Thursday, February 01, 2007

DeLong on inequality

Brad DeLong, a Berkeley economist, has summarized his thinking on inequality. He distinguishes between international and national inequality, and sets his personal views aside...
Grasping Reality with Both Hands: Brad DeLong's Semi-Daily Journal: What Kinds of Inequality Should We Worry About?

... on the level of individual societies, on the level of nations, I believe that inequality does loom as a serious political-economic problem...

... Odds are that a greater effort to raise the average level of education in America would have both made the country richer and produced a much more even distribution of income and wealth by making educated workers more abundant and less-skilled workers harder to find and thus worth more on the market.
.. corporate CEOs and their peers and near-peers make ten times as much today relative to the patterns of a generation ago. They do not do this because a CEO's work effort level and negotiation and management skills are in relative terms ten times as valuable to a corporation today as they were to a corporation of a generation ago. They have risen because of a reduction in the ability of other corporate stakeholders to constrain the freedom of top managers and high financiers to direct the value added in their direction.

Similar patterns are found in other countries across the globe... For the most part, it looks like these changes in economy and society have not resulted in more wealth but in an upward redistribution of wealth: a successful right-wing class war. The easiest counterfactuals to imagine are those in which greater public investments in education and greater moral, legal, and cultural constraints on the freedom of action of those at the top produce an equal or greater amount of total wealth and income with a lower degree of inequality.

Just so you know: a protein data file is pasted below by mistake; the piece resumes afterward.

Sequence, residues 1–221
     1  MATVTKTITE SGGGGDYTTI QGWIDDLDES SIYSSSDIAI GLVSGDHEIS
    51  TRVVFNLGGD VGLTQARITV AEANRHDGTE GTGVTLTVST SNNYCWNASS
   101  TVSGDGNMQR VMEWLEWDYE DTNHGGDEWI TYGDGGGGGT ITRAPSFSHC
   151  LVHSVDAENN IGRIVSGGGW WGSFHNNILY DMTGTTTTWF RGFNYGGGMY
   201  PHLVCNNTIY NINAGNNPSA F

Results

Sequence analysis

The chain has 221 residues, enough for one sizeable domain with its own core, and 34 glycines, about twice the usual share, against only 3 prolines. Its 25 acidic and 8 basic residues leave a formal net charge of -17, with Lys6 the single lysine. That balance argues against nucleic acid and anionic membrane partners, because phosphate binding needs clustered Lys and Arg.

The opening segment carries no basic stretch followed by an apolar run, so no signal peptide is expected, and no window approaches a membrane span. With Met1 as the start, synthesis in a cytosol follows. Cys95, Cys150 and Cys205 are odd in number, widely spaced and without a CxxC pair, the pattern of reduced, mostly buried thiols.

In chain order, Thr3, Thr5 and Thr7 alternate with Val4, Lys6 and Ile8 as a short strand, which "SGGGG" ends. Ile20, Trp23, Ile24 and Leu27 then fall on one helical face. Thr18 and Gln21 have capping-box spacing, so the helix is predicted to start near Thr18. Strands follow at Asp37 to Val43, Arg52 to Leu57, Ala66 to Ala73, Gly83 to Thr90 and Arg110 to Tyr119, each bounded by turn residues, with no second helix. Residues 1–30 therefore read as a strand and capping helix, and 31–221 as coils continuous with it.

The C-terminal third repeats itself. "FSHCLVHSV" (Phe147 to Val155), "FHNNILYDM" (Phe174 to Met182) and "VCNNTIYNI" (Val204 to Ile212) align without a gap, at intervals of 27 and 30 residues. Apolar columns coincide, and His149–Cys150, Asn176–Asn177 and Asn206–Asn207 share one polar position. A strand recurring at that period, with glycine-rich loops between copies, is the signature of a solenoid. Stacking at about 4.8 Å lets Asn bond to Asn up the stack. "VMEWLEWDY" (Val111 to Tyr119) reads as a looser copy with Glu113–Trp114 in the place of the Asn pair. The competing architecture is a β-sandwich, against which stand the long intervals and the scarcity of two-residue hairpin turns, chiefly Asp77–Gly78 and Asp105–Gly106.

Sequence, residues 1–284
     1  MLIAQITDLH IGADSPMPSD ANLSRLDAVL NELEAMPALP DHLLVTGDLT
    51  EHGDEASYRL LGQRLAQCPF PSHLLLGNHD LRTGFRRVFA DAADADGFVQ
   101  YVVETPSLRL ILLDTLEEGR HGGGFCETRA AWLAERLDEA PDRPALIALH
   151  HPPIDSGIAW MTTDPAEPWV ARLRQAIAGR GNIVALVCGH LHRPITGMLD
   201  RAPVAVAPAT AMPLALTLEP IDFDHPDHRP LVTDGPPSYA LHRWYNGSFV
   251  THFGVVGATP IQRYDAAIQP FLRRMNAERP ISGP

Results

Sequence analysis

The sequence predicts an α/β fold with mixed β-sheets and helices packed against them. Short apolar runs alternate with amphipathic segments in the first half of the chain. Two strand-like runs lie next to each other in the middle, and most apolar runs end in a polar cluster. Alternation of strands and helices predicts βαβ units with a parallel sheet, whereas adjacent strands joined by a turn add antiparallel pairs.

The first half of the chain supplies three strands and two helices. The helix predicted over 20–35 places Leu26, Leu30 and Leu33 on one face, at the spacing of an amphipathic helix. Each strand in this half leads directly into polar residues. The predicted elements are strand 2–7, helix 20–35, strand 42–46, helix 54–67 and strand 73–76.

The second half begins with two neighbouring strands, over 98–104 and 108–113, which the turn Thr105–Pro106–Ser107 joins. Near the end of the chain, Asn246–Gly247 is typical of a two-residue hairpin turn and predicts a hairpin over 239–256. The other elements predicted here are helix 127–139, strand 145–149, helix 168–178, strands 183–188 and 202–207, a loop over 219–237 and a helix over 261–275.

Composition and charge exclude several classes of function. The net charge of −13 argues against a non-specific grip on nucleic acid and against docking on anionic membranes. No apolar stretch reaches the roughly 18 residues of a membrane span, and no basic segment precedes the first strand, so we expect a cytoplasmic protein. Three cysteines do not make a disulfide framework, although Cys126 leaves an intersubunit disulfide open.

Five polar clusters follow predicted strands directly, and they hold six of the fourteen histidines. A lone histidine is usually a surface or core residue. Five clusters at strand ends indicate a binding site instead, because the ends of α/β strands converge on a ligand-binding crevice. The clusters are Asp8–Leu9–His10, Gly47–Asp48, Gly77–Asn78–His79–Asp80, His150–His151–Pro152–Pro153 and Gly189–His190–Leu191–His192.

This kind of inequality should be a source of concern. Bill Gates, Paul Allen, Steve Ballmer, and the other hundred-millionaires of Microsoft are brilliant, hard-working, entrepreneurial, and justly wealthy. But only the first 5% of their wealth can have any justification as part of an economic reward system to enourage entrepreneurship and enterprise. And the last 95% of their wealth? It would create much more happiness and opportunity if divided evenly among the citizens of the United States or the world than if they were to consume any portion of it.

Moreover, an unequal society cannot help but be an unjust society. The very first thing that any society's wealthy try to buy with their wealth is a head start for their children. And the wealthier they are, the bigger the head start. Any society that justifies itself on a hope of equality of opportunity cannot help but be undermined by too great a degree of inequality of result.

In the United States, the problem of inequality has two dimensions: insufficient effort to educate, and insufficient control by other stakeholders' of the ability of the top 50,000 or so earners' discretion. In other countries the problem of inequality has these two but also other dimensions as well. In all it is something we should worry about, because we can see in our minds' eyes alternatives that would make for better, healthier, happier, and equally well-off societies.
I can't prove it, but I suspect that the C-suite value-redirection has a significant negative effect on corporate morale and thus productivity. Humans are hard-wired to punish cheaters, and employees see these wins as unfair.

So the CEO cut is probably contrary to the interest of shareholders as well as stakeholders ...

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